Hedge laying

For your daily exercise, come to see the hedge, the community orchard in blossom, and the wildflower meadow. Or walk up Blewburton Hill – reduced car use has roughly halved air pollution, so you can now see Oxford clearly.

During the winter the very sparse hedge along the western side of Tickers Folly Field (along the footpath up to the Chalk Pit) was laid where possible and more trees and bushes planted in the gaps. The community orchard trees are now mulched with rotted leaves provided by Alex Musson.

Wildlife corridor

The aim is to plant trees and restore hedges from above the Chalk Pit along the track to Cow Lane and Woodway, and so create a corridor for wildlife. In 2017 we planted 100 trees from the Woodland Trust near the Chalk Pit. In 2018 Beeswax Farming restored a substantial hedge along part of the route. This year Karen Forman obtained another grant of trees from the Woodland Trust, and in March Sustainable Blewbury (in particular John Ogden, Alex Musson and Sean Morris) replaced parts of the Beeswax hedge that had died due to two very dry summers and tidied up existing plants. As a result there is now a substantial run of healthy hedge along the track. Beeswax are also going to plant wildflowers in one of their fields this autumn, after the current cereal crop is harvested.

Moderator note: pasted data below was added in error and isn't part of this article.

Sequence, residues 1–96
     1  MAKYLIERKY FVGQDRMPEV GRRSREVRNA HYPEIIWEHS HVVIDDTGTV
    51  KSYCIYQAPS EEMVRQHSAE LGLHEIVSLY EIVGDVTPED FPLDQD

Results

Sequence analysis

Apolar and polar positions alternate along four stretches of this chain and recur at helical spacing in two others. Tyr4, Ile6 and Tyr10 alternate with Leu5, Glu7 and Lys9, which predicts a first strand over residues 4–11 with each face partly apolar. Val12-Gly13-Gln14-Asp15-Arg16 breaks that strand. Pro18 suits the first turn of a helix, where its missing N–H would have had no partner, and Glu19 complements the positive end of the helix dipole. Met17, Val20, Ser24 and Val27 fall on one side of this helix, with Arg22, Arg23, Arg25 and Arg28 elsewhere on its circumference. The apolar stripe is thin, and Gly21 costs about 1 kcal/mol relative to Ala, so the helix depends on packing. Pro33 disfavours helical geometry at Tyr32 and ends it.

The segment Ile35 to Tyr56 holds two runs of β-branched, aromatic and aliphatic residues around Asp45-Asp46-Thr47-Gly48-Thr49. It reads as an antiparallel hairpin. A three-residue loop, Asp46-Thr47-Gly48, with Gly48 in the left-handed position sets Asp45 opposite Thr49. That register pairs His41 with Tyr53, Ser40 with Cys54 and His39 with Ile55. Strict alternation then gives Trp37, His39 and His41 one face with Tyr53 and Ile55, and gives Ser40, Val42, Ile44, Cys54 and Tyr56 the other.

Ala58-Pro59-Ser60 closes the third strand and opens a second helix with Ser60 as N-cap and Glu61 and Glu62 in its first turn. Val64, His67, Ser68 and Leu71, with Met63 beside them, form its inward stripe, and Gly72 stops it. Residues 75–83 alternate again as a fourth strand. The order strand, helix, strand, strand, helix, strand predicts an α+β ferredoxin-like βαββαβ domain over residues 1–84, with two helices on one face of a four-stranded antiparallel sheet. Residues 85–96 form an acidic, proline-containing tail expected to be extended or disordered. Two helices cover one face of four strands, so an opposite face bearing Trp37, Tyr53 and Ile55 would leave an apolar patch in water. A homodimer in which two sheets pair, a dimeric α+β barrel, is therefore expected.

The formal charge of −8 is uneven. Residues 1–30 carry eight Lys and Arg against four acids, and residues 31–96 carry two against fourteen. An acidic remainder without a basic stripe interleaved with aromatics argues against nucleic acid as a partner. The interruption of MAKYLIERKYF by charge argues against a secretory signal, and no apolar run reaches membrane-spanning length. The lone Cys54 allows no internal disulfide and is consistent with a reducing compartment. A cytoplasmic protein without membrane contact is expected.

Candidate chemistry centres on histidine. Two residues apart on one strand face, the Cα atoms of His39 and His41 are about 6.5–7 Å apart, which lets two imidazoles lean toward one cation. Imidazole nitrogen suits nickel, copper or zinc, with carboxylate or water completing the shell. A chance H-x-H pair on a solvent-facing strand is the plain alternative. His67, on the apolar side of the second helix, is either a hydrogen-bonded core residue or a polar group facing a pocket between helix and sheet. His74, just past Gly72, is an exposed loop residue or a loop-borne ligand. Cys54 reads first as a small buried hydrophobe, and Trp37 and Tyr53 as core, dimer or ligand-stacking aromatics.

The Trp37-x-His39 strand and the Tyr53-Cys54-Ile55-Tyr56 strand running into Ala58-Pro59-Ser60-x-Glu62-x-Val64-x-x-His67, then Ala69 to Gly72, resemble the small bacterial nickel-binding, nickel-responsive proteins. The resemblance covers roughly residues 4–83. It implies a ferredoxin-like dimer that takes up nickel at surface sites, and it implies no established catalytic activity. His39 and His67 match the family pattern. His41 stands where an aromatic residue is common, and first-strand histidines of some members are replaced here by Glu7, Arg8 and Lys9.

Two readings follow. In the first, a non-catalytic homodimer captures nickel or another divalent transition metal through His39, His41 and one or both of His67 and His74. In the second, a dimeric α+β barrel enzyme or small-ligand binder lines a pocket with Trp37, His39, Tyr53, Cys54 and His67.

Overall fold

Wooden pallets in good condition. 8 small, 3 medium, 2 large. Take as many as you want. 8 dumpy bulk bags in good condition, no tears. Others available with minor damage. Take as many as you want. Wendy Carless 07966088953
Silentnight king size (150cm x 200cm) 2000 pocket memory mattress, 4 and half years old and unmarked as it has always been covered. Jeff Dawson 850773


To participate in our activities, or to receive our free bi-monthly Newsletter,
email us at or phone 01235 850558

Blewbury Climate Action

It will be some time before anyone can take action as a group but individual actions are still possible, and still important.

Some ideas follow. One thing most of us have at the moment is time, to read more about the climate and our environment, and to decide what we personally can do under current restrictions.

Are Plastic bags all bad … or is it us who use them badly?